Dead Man Walking

Happy anniversary to me! Exactly 6 months ago today, I died. If you don't know the story, feel free to read my earlier blog entry where I talk about it. The short version is that I had a severe heart attack and died, twice - as in no pulse, no response, plug pulled, all systems shut down, clinically dead. Both times I was brought back into the land of the living by mouth-to-mouth, chest compressions and having the crud shocked out of me by medical people welding those little electric paddles. I suffered the blue screen of death and got rebooted. Even though I remember none of that happening, it was a life changing experience to say the least. So today I feel like I need to say something about it, about getting a 2nd chance, about the extra 6 months I've been given (so far) and hopefully many more. I don't have anything prepared and haven't thought a lot about what to say; I'll just wing it and if you don't want to read my ramblings, no hard feelings.

I am well aware it sounds weird, but in a very strange way, a piece of me considers what happened to be a gift. It's real easy to say, "Stop and smell the roses" and theoretically everyone knows they should, but few really take it to heart and it's oh so easy to forget with the little day-to-day crap that always seems to come up. There's always tomorrow to spend time with your kids; there's so much stuff that needs to be done at work and there's not enough time to go see that friend. We all get through life knowing that some day we will die, but some day is never today. Until it is. And then it's too late. For most people anyway. Just not for me and the approximately 12 million  other people who peaked behind the curtain and beat a hasty retreat back for a 2nd round of life. And that's why to me, my heart attack was a gift. I've gotten to look into my daughter's eyes for 6 more months and give her lots of hugs and butterfly kisses and tell her goodnight every night and sing her the goodnight song and hear her say, "I love you, Daddy." And I've gotten to hold my wife's hand and give her kisses and eat her cooking and occasionally sit on the couch together just enjoying being next to her and hear her say, "I love you, babe" when we go to bed at night. I've really felt and appreciated each and every time. No taking any of it for granted now or not enjoying the moment just because some bozo did some bozo thing at work and I'm all upset about it.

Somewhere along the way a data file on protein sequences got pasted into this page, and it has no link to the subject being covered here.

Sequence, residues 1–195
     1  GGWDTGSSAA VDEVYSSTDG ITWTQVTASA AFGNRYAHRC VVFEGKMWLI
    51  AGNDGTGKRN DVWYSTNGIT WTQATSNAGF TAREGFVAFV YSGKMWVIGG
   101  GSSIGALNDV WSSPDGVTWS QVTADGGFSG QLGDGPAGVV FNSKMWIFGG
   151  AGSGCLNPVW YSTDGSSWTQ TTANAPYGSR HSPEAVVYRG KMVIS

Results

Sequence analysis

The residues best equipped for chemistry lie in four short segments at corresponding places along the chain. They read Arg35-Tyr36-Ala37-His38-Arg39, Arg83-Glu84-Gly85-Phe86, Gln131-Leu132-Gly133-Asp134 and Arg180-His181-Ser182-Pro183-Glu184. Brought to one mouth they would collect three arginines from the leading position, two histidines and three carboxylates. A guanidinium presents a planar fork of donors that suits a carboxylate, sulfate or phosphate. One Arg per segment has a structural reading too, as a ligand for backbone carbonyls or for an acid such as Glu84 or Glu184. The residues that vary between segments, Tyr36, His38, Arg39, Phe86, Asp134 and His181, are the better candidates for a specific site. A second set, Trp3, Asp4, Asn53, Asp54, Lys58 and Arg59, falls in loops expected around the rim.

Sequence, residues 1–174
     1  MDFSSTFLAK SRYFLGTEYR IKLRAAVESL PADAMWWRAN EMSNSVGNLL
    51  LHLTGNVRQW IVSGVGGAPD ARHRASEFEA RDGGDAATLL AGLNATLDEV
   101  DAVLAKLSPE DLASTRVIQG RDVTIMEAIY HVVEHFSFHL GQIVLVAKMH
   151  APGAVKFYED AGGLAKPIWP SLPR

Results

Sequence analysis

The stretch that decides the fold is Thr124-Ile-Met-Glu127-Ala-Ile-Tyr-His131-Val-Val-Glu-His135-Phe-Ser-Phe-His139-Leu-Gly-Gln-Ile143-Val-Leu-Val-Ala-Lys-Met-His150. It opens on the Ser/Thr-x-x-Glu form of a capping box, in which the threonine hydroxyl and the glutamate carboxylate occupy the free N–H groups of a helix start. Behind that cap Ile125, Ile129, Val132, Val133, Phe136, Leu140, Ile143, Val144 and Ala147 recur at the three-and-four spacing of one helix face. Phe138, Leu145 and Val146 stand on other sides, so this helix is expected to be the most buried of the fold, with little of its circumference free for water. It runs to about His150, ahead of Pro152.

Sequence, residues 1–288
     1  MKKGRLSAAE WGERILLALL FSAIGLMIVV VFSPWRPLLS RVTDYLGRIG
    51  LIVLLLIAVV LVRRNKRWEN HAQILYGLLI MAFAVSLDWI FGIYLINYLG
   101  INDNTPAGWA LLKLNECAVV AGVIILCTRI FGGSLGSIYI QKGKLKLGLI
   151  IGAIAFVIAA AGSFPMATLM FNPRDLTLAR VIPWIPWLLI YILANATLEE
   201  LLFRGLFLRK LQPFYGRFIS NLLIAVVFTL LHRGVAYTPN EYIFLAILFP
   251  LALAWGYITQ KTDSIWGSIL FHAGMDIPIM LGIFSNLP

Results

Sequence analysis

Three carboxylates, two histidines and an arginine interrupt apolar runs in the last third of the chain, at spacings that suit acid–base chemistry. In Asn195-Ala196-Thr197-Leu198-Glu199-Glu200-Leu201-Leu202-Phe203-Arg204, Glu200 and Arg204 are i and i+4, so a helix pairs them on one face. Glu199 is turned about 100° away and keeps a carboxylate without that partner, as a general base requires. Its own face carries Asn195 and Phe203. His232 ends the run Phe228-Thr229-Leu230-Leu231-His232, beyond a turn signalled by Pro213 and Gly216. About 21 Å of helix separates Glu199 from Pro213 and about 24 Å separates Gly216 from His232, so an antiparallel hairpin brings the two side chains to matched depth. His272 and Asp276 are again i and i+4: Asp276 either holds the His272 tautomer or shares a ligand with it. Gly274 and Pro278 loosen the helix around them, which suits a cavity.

Don't get me wrong and think I'm now this angel person who never gets upset and goes out of his way to help little old ladies cross the street. I still get pissed at a bozo at work, I still do not like playing kids card games, and I still hate going shopping with my two girls (being with them is wonderful, but shopping with them is pure torture). However, being pissed off at Bozo usually now ends by about 5:01 every evening and I have made myself play kids games with my daughter a few more times and smiled the whole way through. The shopping, well, no, I still don't do that. My God, what do you expect? I'm only human, you know. I have found myself to be a lot more tolerant of people (even the bozo's; well, some of the time), I enjoy the little good things more, the smell of honeysuckle, coffee in the morning (especially when I didn't have to make it), the feel of cool water cascading down my body in the shower after I've gotten hot and sweaty working in the yard. Enjoy more, get pissed less. Not a bad thing at all.